Ontario minister of economic development, employment and infrastructure Brad Duguid sees the province’s ‘sweet spot’ as the production of higher end, more complex vehicles, high quality and lead plant ability.
Speaking to just-auto on a province-hosted connected car media tour, the minister acknowledged the fall in Canada’s share of North America’s auto output – from 17% in 2007 to 12.6% in 2015, according to Des Rosiers Auto Consultants.
He said plants in Mexico and the US Deep South were getting “mandates for less complex manufacturing” but the “Ontario sweet spot is high end vehicles and more complex manufacturing”.
He acknowledged Toyota’s move – announced last week – to move Canadian Corolla production south to Mexico but said that was being offset by more RAV production and more complex variants such as the hybrid. He also said Toyota was adding more Lexus variants to Canadian production.
Duguid also stressed the quality of Ontario car plants, noting that record North American output in recent years had also been accompanied by record recalls. The number of JD Power quality awards to Ontario plants – 29 – far exceeded the two made so far to Mexican plants.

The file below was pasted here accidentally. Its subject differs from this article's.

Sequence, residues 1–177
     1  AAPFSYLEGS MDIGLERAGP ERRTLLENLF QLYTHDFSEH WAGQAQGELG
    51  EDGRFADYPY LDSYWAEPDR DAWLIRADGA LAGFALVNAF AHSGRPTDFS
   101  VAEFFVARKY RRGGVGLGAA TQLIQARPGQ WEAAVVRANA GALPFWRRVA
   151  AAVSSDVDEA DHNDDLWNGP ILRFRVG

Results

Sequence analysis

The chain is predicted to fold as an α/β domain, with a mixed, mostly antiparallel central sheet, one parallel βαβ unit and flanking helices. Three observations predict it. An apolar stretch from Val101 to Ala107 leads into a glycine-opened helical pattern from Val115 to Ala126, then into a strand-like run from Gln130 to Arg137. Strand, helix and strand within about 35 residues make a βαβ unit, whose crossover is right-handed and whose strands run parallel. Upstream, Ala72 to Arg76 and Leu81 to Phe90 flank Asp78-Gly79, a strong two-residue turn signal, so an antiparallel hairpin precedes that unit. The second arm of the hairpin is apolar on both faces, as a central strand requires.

The minister said Toyota’s plant was the lead plant for the Lexus RX and Honda Alliston had led with the new Civic sedan and coupe models.
“As we move to more complex connected, hybrid and EV vehicles, Ontario is well placed to get these mandates in future,” he said. “We’re seeing a shift from ‘commodity’ to ‘value-added’ cars.”
The minister said the Ontario economy was “going really well”. He said the province had to deal with both today’s economy and “two minutes from now” – what used to be called the “next generation” – “changes are happening as we speak”.
“I’m convinced the jurisidictions that are going to do well are those determined to help drive innovation – the alternative is to be run over by it. In today’s economy, Ontario is going to do well.”
Duguid is just back from a 19-day tour of Japan and Beijing drumming up interest in inward auto investment. He cited recent $4.5bn inward investment across a range of automakers and suppliers. While abroad, he stressed Ontario’s business-friendly environment including a healthcare system that saves automakers $500 per vehicle compared with the US and Mexico, and lower corporate taxes.
There is also a massive talent base with graduates of the universities in Toronto and Waterloo now being sought after in Silicon Valley over those from MIT.
There are nine universities and 24 colleges working on auto R&D. Many are focused on clean tech and lightweighing, connected, driverless and autonomous technologies.
Duguid said Ontario was a centre of excellence for auto R&D, second only to Silicon Valley, with 19,000 ICT companies – only Silicon Valley has more.